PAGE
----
The young man was bent double struggling to catch his breath. His hands were on his knees, his right hand clasping his black bowler hat, and his body heaved as he sucked in the life-giving air. He lifted his head and shook his blonde hair from his face. He looked to his left and then to his right.
He was in a small tunnel constructed of bricks and was standing on steel railway tracks. The bricks were black with soot and he knew from experience that to touch the bricks would leave his hands filthy and gritty. At each end of the tunnel the afternoon sun was making what he could see of the railway line on each side look almost bright in contrast to the tunnel interior.
Straightening, he pushed his hair back, placed his hat on his head and dusted off his jacked before pulling his vest smartly into place. He picked up his dangling monocle and placed it into his left eye socket. Looking down to his boots he removed a crisp white handkerchief from this vest pocket and lifting his feet in turn swiped the dust off his boots with a swift flick. Finally, he gave a quick polish to the very smart buckles, which held his spats in place. Pulling his timepiece from his vest pocket he flicked it open and checked the time. He snapped the watch closed and replaced it in his pocket.
He bent his head a little to the left and then the right. A train whistle sounded in the distance.
“That’s the Dandenong 6 o’clock, so it is. It’s time I was off!” he murmured to himself.
Placing his hands into his trouser pockets he turned to his left and whistling, began to stroll towards the end of the tunnel. He was about to emerge from the tunnel when he heard the sound that he dreaded most in the world. It was not a loud noise. Rather it was soft and faintly hissing, designed for stealth. It was more like a sigh than anything else. It came in bursts, but there was no particular pattern to it.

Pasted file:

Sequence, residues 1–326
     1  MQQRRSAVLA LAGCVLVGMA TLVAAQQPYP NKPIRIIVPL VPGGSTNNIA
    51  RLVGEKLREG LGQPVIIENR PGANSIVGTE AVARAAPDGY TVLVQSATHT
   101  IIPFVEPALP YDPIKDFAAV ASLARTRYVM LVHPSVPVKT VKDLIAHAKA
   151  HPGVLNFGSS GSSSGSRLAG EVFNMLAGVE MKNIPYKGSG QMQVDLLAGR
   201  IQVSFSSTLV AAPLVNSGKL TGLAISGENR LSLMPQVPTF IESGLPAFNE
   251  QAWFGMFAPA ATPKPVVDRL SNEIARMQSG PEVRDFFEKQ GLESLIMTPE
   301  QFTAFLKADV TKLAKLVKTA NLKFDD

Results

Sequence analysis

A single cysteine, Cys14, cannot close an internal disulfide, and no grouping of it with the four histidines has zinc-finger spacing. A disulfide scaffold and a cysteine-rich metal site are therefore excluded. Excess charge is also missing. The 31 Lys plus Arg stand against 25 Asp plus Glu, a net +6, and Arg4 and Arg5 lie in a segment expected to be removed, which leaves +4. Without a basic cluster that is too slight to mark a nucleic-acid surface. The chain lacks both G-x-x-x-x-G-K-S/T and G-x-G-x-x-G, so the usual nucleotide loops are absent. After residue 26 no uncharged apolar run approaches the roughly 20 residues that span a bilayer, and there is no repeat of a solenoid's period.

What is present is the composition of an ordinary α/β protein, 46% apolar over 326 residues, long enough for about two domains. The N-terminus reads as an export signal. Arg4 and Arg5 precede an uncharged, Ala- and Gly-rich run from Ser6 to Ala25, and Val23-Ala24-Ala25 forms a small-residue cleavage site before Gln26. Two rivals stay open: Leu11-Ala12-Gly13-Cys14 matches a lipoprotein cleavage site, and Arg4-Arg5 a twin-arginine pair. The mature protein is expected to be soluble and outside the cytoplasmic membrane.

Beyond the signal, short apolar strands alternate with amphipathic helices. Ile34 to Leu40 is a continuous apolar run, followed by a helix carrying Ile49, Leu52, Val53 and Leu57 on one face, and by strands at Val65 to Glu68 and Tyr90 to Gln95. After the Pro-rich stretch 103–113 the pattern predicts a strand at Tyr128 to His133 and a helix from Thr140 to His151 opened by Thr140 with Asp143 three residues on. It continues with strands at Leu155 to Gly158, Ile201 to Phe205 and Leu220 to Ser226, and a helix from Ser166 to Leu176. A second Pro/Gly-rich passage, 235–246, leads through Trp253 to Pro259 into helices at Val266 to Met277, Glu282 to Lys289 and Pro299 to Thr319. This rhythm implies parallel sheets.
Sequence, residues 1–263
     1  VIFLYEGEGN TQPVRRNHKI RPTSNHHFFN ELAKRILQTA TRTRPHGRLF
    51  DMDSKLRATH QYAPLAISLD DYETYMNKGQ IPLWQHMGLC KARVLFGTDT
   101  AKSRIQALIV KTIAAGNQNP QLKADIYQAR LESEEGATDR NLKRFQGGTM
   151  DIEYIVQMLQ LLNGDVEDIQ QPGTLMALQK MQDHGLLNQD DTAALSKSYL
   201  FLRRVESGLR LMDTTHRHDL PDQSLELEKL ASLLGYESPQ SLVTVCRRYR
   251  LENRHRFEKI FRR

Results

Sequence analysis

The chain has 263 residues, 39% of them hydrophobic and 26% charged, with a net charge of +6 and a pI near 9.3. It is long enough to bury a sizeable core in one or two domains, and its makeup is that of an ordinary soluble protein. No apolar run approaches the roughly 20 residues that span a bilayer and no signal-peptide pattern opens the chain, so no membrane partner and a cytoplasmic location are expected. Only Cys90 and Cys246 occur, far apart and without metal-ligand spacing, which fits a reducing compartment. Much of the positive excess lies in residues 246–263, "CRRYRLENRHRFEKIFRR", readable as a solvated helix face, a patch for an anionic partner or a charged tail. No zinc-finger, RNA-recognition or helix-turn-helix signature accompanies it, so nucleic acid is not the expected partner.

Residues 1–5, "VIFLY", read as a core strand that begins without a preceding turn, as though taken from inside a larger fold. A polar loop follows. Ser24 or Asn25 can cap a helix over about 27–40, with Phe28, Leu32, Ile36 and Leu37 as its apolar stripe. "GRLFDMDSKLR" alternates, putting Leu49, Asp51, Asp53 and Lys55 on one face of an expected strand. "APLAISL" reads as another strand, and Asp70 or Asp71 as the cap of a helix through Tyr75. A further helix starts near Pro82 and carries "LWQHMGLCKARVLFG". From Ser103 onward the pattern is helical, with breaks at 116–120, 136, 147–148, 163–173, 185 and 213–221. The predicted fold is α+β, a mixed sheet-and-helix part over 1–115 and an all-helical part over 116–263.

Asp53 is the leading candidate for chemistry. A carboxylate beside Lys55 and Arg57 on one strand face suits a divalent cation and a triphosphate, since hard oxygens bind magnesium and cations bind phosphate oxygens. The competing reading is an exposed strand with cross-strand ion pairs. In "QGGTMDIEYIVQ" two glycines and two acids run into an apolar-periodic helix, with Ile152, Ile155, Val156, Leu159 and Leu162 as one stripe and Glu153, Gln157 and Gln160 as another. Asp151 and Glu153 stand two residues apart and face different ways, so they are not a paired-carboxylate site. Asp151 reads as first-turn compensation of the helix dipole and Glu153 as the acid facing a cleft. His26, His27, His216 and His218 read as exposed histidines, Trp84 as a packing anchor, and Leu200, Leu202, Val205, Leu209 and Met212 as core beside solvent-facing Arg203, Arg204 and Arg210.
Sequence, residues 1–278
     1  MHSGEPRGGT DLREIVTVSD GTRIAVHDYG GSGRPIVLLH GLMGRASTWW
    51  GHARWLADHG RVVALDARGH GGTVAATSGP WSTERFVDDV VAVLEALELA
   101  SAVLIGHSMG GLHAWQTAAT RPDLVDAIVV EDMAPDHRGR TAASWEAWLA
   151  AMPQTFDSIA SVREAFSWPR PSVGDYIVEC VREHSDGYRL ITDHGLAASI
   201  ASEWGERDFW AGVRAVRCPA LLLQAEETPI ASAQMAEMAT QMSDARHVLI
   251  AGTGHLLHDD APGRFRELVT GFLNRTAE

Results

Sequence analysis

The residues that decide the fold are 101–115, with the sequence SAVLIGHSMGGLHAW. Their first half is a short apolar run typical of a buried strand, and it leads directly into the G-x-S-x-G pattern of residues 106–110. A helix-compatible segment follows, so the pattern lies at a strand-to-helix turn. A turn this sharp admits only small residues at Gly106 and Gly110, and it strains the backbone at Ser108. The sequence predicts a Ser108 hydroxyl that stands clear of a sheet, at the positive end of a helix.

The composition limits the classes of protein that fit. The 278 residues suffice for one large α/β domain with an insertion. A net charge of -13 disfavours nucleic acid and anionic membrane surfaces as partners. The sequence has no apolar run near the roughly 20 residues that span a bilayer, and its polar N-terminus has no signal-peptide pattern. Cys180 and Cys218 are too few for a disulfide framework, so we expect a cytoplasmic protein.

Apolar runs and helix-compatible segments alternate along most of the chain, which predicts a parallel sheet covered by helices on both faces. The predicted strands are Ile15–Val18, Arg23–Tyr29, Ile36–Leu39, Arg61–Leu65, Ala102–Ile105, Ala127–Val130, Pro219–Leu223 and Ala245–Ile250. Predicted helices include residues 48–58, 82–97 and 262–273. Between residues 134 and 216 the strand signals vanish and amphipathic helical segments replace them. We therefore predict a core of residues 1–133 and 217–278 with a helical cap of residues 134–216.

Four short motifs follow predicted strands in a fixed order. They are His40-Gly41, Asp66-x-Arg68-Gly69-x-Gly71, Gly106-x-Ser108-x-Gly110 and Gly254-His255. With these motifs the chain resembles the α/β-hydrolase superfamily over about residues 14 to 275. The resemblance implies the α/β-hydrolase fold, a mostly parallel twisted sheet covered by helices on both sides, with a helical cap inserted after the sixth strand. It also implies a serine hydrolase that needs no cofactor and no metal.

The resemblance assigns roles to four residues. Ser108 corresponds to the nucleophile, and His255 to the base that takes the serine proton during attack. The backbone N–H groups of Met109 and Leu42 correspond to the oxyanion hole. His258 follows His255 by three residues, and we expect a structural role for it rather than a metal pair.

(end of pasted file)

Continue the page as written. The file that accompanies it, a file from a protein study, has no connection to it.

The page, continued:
The young man froze for a moment, then, grimacing at what he knew the walls of the tunnel would do to his favourite jacket, pushed himself into the shadows in the side of the tunnel. It was a smooth, practised movement, as if by doing so he could melt into the walls; disappear; evaporate.
He waited, motionless.
The sighing outside seemed to move around until he felt completely surrounded by it. His shoulders dropped and he closed his eyes knowing what he would see if he opened them. Moments passed and he held his breath. When he could stand it no longer he glanced to the left end of the tunnel.
Descending slowly to the tracks was the silhouette of a large figure. It was bulky but human in form. Smoke was issuing from behind its back in a downward motion, which was easing off, allowing the figure to drop softly to the tracks where it placed its legs astride and its arms akimbo.
To the young man the sheer mass of this monolith almost filled the tunnel entrance. He turned his head to the right but was immediately confronted by the same impressive descent to the earth of an identical and equally fearsome figure.